Arsenal manager Mikel Arteta arrived at his pre-match press conference ahead of the Carabao Cup semi-final against Man City prepared. After 7 matches without a Premier League win, he knew more tough questions would be coming his way. Therefore, in an attempt to defend himself, he provided some interesting statistics.
The stats he referred to, one would assume, link to xG. Arteta claimed that “last year we won against Everton with a 25% of winning” yet in our 2-1 defeat to the Toffees at the weekend there was a “67% chance of winning.” xG suggests Arteta’s notions are accurate. The February 3-2 win ended Arsenal 1.34-2.66 Everton and Saturday’s 2-1 loss finished Everton 0.8-1.4 Arsenal.
Arteta then went on to point towards our 1-0 defeat against Burnley which he believes resulted in just 3% chance of loss. The Spaniard also claimed there was just a 7% chance of defeat against Spurs. So, what exactly is Arteta trying to reveal through these facts and figures?
Well, the under-fire Arsenal manager was likely attempting to support his Saturday post-match revelation that “the luck is not with us.” In fairness to him, xG suggests his Arsenal side may well be getting unlucky.
In our last 4 matches, according to xG, we’ve deserved to win 3 and lose just one. That xG loss, funnily enough, being the 1-1 draw with Southampton last Wednesday. This reveals that we haven’t let our respective opponents create many high-quality chances and offensively we’re creating enough to score goals. On the surface, this insinuates we’re suffering with bad luck both defensively and offensively.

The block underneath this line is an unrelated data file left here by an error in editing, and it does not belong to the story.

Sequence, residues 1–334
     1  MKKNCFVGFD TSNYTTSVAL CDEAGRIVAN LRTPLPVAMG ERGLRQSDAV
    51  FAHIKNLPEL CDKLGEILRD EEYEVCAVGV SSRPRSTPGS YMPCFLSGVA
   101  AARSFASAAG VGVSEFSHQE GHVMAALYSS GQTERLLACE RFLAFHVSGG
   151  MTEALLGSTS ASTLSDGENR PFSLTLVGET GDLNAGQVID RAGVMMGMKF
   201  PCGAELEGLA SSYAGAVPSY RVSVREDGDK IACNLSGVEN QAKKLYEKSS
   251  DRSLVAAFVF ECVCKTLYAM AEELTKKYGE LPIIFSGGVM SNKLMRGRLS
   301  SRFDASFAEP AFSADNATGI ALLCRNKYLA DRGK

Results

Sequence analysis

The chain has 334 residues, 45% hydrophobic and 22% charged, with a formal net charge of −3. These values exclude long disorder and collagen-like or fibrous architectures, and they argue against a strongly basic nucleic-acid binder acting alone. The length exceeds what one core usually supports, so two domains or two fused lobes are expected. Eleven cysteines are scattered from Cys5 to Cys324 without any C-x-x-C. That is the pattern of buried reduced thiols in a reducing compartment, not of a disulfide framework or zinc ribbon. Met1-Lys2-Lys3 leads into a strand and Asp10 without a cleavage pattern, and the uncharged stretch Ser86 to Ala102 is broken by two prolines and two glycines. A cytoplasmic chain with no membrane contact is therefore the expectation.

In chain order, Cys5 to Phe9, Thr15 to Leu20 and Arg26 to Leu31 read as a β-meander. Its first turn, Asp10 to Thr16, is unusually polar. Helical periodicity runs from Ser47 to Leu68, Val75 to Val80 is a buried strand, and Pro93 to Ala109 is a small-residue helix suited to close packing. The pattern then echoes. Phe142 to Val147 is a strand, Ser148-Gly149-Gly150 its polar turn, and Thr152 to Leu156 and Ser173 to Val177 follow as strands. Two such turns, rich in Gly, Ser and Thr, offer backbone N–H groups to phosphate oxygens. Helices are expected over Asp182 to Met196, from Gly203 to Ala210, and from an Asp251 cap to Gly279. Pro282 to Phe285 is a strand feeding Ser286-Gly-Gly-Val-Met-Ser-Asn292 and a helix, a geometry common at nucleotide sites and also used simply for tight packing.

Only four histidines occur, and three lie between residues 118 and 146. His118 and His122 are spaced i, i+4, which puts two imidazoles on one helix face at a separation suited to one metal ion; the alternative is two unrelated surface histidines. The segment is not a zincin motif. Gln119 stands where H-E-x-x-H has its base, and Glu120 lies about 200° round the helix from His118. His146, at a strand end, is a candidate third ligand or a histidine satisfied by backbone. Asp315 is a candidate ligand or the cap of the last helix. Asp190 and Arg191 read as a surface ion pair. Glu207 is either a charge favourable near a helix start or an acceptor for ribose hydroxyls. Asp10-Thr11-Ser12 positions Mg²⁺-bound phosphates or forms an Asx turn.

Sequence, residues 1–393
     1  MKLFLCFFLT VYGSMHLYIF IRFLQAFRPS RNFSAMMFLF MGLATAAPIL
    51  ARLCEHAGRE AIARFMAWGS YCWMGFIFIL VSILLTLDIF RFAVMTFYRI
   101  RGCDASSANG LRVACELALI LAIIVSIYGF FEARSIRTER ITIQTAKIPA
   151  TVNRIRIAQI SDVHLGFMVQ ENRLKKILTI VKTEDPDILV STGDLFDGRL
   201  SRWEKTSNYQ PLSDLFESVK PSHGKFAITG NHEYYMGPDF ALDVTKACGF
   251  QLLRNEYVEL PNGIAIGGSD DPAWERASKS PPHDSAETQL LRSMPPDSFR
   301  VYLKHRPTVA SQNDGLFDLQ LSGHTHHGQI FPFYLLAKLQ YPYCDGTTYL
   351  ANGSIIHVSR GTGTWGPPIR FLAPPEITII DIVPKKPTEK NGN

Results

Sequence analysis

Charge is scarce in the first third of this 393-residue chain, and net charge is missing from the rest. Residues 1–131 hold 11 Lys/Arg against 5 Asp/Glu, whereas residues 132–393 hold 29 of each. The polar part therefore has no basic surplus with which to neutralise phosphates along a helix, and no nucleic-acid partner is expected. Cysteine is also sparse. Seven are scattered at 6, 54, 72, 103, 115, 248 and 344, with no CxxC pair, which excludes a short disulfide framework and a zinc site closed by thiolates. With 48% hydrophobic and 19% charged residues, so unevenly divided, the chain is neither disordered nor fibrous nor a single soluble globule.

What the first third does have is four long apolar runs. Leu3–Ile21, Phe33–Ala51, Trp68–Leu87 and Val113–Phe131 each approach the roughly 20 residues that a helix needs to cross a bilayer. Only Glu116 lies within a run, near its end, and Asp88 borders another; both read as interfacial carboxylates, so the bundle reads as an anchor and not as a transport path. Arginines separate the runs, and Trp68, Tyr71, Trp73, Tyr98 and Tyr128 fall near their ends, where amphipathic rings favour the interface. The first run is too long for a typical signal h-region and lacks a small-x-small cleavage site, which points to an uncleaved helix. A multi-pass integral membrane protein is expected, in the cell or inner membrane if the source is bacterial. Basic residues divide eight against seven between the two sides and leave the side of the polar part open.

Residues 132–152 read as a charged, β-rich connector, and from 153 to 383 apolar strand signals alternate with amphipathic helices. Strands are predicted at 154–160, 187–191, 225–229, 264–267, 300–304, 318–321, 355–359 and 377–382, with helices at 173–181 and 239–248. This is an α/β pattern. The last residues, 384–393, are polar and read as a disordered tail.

In consequence, despite what his critics may say, Arteta’s claims are credible. Nevertheless, concerning xG, one must consider the circumstances of our last few fixtures.
Firstly, the way teams approach fixtures against Arsenal must be considered. The common themes of our recent games have not been coincidental. Teams are sitting in after grabbing a lead against us because they don’t think we’re capable of breaking them down. All three of the vastly experienced Nuno Espirito Santo, José Mourinho and Carlo Ancelotti have deployed such a tactic.
Inevitably, when a team plays this way, their xG will be low. Why? For the reason that they stop attacking. This means their xG doesn’t grow. Considering so many teams do this against us, our latest xG statistics must be taken with a pinch of salt.
The same can be said for our offensive numbers concerning xG. The fact our opponents let us attack against them means that we can create numerous low-quality chances which result in the xG increasing. It’s not because we’re providing relentless pressure.
In relation to Arteta’s comments on the Everton game, the impact of the penalty on the xG must also be recognised. Penalties are of high xG value and therefore skew the figures as evidenced by the fact that without the penalty on Saturday we notched an xG of just 0.6 from our total of 1.4.
So, while Arteta isn’t nonsensical to suggest Arsenal are getting unlucky, such an idea mustn’t be exaggerated. xG is a useful tool but an inherently flawed one. We may be getting unlucky, but we’re also straightforwardly playing poorly. For a club of Arsenal’s stature, bad luck just isn’t a sufficient excuse.
All stats courtesy of Fbref.